BPMN Process Models

BPMN Modeling – The Difference Between a Diagram and a Model

Published: September 3, 2018
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It is often said that ‘a picture paints a thousand words’, and this is definitely true when it comes to process modeling. A well-drawn process model can concisely and precisely depict a rich breadth of information which can be used to operate, manage and run a process. It is often much easier to convey this information visually, rather than relying on hundreds of paragraphs of text. Imagine trying to convey all of the steps required to make a cup of tea (and what to do if the kettle doesn’t boil).

After just a few moments of analysis, we’d find there are far more steps than we initially thought, and a textural description would become extremely wordy. A visual representation would be far cleaner, more concise and easier to follow. This focus on visualization of a process leads us to an important discussion point: the difference between a diagram and a model.

It is often the case that in day-to-day usage, the words ‘diagram’ and ‘model’ are used interchangeably, almost as if they were synonymous. This is understandable, but to business process analysts the two terms imply slightly different things. In fact, the nuanced differences between the two terms can have implications for our work. So how does a diagram differ from a model?

Reflecting on the Differences

There are many formal definitions out there, but for practical purposes when considering process modeling we could consider that:

  • A diagram is a snapshot, visualization or a view of a process. It shows some information, but it does not necessarily show everything that is available.
  • A model represents all the relevant underlying information that we choose to record about the process. It can be represented in multiple ways, depending on what we want to depict.

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In this context, a diagram is a view on the underlying model, it is like looking at the model through a lens. We can zoom in, zoom out, turn elements on or off and show just what is relevant for the situation. This is extremely relevant for process modeling and BPMN in particular. A common misnomer is to refer to BPMN as ‘Business Process Modeling Notation’; however its correct title is ‘Business Process Model and Notation’. This important distinction implies that the notation is logically separate from the model, in that the model could be visualized in lots of different ways. Indeed, BPMN’s visual notation is only one way of articulating a model—a valid executable BPMN model can also be represented as XML!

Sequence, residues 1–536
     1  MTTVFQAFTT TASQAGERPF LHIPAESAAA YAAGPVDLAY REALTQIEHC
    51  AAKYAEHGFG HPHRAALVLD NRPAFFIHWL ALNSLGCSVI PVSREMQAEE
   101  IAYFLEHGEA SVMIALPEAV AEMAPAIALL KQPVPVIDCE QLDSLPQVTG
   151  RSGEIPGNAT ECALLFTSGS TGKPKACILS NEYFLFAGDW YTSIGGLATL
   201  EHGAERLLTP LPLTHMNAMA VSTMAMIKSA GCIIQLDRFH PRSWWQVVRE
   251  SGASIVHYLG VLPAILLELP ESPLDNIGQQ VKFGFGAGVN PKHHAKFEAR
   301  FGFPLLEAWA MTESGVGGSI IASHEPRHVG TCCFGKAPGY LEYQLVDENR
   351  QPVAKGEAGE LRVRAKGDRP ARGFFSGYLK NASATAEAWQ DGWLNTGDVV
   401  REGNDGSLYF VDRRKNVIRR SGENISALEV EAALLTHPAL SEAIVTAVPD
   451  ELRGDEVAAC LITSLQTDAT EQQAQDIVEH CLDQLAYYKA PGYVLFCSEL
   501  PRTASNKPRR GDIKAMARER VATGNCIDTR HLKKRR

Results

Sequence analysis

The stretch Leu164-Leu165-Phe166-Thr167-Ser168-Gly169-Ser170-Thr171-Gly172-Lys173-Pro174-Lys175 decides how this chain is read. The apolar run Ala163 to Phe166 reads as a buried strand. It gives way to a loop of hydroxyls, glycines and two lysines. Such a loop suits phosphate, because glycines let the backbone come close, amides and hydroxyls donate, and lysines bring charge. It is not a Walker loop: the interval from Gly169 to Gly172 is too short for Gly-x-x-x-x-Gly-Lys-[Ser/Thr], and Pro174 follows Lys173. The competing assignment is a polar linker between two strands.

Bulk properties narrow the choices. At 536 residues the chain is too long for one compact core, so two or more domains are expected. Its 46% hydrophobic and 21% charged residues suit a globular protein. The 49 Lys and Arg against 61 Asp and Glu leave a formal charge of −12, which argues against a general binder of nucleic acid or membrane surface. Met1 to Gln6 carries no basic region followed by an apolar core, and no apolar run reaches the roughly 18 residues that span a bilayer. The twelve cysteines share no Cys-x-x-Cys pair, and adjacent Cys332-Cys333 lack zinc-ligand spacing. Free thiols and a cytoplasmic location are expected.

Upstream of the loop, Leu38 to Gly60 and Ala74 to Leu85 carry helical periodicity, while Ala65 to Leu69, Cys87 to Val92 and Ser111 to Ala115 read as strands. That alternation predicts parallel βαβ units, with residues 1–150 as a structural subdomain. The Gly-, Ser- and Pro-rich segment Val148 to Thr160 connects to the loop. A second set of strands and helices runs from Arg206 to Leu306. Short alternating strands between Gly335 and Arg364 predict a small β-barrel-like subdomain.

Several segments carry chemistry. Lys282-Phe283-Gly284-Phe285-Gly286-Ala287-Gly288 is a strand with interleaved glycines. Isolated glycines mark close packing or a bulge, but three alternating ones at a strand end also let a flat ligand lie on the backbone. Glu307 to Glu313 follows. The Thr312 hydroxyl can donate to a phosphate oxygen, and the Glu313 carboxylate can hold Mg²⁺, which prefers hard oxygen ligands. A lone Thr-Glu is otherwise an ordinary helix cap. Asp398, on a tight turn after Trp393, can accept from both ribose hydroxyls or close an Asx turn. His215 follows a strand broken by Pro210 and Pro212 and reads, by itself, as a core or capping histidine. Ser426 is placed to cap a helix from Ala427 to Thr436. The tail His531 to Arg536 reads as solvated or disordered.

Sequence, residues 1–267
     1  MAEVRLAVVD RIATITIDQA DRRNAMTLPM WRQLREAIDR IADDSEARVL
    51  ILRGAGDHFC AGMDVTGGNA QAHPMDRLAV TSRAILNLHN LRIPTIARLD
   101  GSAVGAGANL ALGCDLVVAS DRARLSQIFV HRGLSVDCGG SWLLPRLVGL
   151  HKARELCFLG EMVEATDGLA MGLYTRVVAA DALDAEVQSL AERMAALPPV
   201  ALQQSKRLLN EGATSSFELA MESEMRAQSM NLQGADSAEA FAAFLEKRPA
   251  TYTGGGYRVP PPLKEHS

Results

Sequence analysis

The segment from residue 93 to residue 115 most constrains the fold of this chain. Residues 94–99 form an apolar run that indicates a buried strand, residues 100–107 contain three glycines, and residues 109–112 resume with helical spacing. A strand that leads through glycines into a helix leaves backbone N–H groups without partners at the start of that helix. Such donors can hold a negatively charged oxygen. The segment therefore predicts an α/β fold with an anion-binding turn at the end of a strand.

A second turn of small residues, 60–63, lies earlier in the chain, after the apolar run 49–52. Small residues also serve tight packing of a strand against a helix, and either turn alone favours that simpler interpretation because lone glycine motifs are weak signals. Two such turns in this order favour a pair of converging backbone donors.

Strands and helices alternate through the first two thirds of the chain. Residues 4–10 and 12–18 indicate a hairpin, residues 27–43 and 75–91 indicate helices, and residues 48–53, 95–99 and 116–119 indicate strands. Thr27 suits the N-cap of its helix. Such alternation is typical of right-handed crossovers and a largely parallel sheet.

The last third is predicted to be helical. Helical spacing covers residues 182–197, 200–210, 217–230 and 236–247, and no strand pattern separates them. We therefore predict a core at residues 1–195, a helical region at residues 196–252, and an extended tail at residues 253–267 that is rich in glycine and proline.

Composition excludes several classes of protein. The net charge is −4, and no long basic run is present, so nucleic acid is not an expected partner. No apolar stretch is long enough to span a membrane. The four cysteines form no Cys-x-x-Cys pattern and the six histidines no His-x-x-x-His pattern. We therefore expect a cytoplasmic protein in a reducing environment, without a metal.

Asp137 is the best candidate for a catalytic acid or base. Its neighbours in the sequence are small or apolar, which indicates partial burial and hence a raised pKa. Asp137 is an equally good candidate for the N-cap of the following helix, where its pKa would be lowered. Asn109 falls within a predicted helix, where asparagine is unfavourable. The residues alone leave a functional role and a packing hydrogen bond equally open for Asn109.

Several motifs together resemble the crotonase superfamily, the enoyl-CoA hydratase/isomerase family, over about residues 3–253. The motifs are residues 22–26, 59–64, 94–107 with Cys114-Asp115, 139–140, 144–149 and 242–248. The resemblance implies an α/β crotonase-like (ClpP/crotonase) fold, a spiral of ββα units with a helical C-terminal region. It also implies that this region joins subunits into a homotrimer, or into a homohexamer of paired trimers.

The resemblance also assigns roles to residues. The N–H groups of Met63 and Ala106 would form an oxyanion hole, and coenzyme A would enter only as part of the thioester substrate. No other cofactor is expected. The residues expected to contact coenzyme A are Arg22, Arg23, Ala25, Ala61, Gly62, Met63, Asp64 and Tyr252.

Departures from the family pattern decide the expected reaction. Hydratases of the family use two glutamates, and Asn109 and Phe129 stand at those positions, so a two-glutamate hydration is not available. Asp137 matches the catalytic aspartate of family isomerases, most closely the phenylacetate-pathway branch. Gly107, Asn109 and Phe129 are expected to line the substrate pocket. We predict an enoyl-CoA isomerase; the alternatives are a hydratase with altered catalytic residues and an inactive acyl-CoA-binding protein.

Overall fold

What This Means for Business Process Analysis and Management

One of the advantages of using BPMN as a modeling approach is the ability to have a single model that can be viewed from different perspectives. A very senior manager may want to see a high-level ‘black box’ collaboration diagram. Those involved with the process may need to understand every activity, and may need to see a very detailed private internal process diagram. With a shared BPMN model, these views are connected; they are ‘lenses’ on the underlying model, and therefore any changes we make are represented in all diagrams. We can zoom in, zoom out, and all of the pieces are connected.

This is very different from creating a set of disconnected diagrams. Drawing packages are often very useful as they are flexible—you can draw anything that you want—yet the moment you have different ‘views’ on the same process, difficulties can start to emerge. Since each disconnected diagram is static, a change in one area is not reflected in any of the others. Maintenance of all of the artefacts can become a laborious job, and there is a risk that different diagrams will become misaligned.

Considering these factors before we embark on a process management or improvement initiative can ensure that we choose the right tools for the job. In some circumstances, a drawing package might work just fine. In others, a more formal modeling tool may be appropriate. Either way, it is crucial that we consider the types of ‘view’ that our stakeholders will need, and that we find ways of visualizing the model that are as useful as possible for our audiences. This will be time well spent!

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